Poverty, My Greatest Blessing

I love old, beautiful churches, so it is no surprise I was drawn off the busy streets of downtown Chicago and through the front doors of Fourth Presbyterian Church this past Thursday morning. Inside I sat down to enjoy sacred shelter from the cold and the hustle and bustle of what was going on outside the majestic doors, although that was not my motive for going in. I walked into the church wanting to experience Jesus and expecting I would. I had no pre-conceived notions what that would look like, but imagine my surprise when I found what I was unknowingly seeking in the eyes and embodiment of a homeless person.

After a couple of minutes inside, I broke through my fascination with the beauty around me, and I noticed near the front of the church a handful of people sitting on both sides of the middle aisle. I quickly realized they were homeless. They had come in off the streets to warm up and rest. I sat silently in the back just observing. God began to make something evident to me. I wasnโ€™t there to watch homeless people in a beautiful church. I was there to remember one of life’s wealthiest truths.

There in that reverent church, I felt drawn to engage, so I walked forward and sat down next to one of the men. I said, โ€œhello.โ€ His disposition was gentle and relaxed. He was soft-spoken. It was apparent that he and his friends were broken, impoverished, homeless, needy, unclean and dependent for every need.

His eyes. I will never forget them. They looked sad but settled. They were sunken yet soft, wrinkled while welcoming. The story they expressed was foreign yet familiar.

This man and his friends bore no weight of expectations beyond shelter and rest. No schedules were taunting them, and no plans or unmet duties were daunting them. They just came as they were, destitute, weary and worn.

I sat there in clean, warm clothes seemingly not lacking, yet oddly I knew that even though it looked like the homeless people had nothing, in a different way they had everything, the most important thing, I need every day. A fresh awareness of the poverty of my heart is my greatest blessing.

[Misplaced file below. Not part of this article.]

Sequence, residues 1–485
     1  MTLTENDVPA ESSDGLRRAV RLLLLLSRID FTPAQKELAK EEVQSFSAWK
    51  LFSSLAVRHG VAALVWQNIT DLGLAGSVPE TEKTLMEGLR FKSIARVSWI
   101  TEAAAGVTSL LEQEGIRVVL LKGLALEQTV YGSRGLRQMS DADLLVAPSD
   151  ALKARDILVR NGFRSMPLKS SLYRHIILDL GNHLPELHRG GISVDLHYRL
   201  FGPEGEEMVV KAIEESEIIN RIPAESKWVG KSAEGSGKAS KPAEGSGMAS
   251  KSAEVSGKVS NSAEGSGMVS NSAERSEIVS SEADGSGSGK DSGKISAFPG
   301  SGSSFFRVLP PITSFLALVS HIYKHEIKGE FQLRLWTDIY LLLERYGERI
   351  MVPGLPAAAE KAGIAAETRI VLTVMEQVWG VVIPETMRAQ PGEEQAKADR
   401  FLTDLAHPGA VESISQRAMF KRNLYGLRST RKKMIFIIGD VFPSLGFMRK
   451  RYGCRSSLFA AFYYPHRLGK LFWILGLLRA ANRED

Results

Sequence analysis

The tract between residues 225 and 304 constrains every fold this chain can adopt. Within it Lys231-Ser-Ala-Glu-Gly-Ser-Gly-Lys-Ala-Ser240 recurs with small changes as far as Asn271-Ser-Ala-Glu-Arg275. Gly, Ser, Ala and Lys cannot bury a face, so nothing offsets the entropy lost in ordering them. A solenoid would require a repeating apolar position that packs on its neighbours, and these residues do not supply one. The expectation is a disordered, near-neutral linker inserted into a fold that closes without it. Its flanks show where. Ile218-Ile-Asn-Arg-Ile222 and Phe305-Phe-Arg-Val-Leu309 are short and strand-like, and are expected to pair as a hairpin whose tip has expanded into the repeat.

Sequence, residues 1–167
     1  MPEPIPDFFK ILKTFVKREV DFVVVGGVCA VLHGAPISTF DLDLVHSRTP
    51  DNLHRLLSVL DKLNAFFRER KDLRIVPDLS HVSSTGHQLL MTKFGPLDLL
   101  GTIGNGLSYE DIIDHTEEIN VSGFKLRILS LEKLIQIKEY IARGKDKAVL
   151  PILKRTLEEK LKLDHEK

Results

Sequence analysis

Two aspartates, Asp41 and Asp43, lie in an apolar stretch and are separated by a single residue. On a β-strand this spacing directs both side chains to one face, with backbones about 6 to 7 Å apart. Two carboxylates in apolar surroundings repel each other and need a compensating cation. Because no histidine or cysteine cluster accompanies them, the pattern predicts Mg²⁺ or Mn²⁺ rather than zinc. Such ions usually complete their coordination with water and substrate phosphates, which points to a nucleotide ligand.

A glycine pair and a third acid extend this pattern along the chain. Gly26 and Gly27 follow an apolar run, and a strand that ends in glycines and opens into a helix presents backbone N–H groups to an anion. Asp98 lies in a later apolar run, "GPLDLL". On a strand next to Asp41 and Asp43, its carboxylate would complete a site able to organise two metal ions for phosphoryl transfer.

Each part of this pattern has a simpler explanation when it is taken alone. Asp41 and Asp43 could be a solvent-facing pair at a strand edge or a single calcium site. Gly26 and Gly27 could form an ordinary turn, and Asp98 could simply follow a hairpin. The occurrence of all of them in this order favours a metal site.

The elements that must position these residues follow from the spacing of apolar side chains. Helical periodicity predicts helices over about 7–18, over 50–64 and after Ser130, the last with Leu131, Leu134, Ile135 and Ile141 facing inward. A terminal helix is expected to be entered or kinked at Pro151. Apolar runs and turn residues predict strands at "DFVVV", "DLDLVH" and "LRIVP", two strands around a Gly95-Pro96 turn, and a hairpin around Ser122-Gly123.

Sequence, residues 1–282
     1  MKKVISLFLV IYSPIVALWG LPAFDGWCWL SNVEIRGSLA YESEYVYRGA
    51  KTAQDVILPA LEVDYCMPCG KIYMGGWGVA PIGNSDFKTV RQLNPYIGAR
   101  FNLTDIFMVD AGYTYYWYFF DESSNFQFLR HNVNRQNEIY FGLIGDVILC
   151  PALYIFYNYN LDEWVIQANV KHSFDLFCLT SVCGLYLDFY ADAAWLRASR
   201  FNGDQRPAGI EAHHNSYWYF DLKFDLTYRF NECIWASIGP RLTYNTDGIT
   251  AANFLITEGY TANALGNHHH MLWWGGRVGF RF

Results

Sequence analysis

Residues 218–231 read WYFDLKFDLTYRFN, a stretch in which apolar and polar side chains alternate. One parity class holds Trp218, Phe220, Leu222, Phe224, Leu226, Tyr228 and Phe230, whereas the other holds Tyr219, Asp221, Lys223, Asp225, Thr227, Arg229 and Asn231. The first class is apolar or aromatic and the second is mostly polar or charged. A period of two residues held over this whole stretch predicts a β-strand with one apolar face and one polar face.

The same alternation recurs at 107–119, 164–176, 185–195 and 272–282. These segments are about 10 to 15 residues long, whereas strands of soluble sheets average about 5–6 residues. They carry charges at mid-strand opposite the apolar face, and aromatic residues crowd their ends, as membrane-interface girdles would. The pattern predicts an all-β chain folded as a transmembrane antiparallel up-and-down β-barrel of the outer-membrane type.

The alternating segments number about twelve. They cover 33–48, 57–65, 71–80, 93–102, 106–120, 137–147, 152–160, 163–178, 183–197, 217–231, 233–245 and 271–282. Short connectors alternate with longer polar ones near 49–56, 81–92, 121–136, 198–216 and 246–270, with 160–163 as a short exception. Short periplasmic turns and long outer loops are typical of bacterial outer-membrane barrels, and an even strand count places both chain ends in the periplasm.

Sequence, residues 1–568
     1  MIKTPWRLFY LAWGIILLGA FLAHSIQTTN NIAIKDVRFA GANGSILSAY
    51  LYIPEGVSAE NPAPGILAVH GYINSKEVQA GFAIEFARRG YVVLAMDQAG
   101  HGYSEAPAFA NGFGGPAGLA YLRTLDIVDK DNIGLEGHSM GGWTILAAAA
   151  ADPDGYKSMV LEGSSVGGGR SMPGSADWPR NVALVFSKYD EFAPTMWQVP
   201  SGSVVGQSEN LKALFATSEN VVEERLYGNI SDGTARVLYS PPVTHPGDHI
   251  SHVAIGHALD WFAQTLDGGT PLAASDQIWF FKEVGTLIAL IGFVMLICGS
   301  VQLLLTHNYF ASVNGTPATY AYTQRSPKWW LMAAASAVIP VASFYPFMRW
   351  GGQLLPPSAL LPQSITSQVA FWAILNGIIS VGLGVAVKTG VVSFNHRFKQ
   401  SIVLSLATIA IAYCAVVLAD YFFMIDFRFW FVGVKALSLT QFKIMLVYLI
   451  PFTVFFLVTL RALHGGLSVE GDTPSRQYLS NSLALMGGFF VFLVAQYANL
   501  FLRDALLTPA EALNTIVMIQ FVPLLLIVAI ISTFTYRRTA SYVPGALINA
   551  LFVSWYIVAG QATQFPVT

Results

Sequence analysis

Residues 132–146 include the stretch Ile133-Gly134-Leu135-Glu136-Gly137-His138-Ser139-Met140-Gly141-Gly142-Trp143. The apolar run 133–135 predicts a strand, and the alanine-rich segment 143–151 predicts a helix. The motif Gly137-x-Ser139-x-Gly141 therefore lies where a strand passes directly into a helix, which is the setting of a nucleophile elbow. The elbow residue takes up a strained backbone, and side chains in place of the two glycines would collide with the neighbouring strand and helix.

As I sat with this man, I asked God to make me more like him. That sounds crazy, right? Not at all. I want to enter into The Lordโ€™s presence fully aware that I am poor, needy, lost and unclean without a Savior outside of myself. I want to come free of distracting thoughts about schedules, deadlines, and duties, and for the love, thinking about what I will eat next! I want to come as I am, not as I feel I should be. I want to come aware of what is but more focused on the hope of what will be. I want to come empty of myself because it is only then I can be filled by my Savior.

These people were an exposed and unfiltered expression of me. I can dress up in my best smile, clothing, and accessories, surround myself with desirable things and people, but underneath it, and right in the middle is an impoverished heart that cannot be dressed up. It is destitute, broken, frail and in desperate need of a Shepherd every day.

Just like the people I encountered, I am a homeless heart wandering around grasping for places of shelter and rest because this world is not my home and everyday-everyday-I feel the ramifications of my exile.

The good news is this, though, I do not wander without hope or direction when I remember it is my poverty, not my perfection, popularity or “power” that yokes me to the love of my Provider. Neither do you, friend. Neither do you.โ™ฅ๏ธ

And, this was the hymnal song that was on the board.

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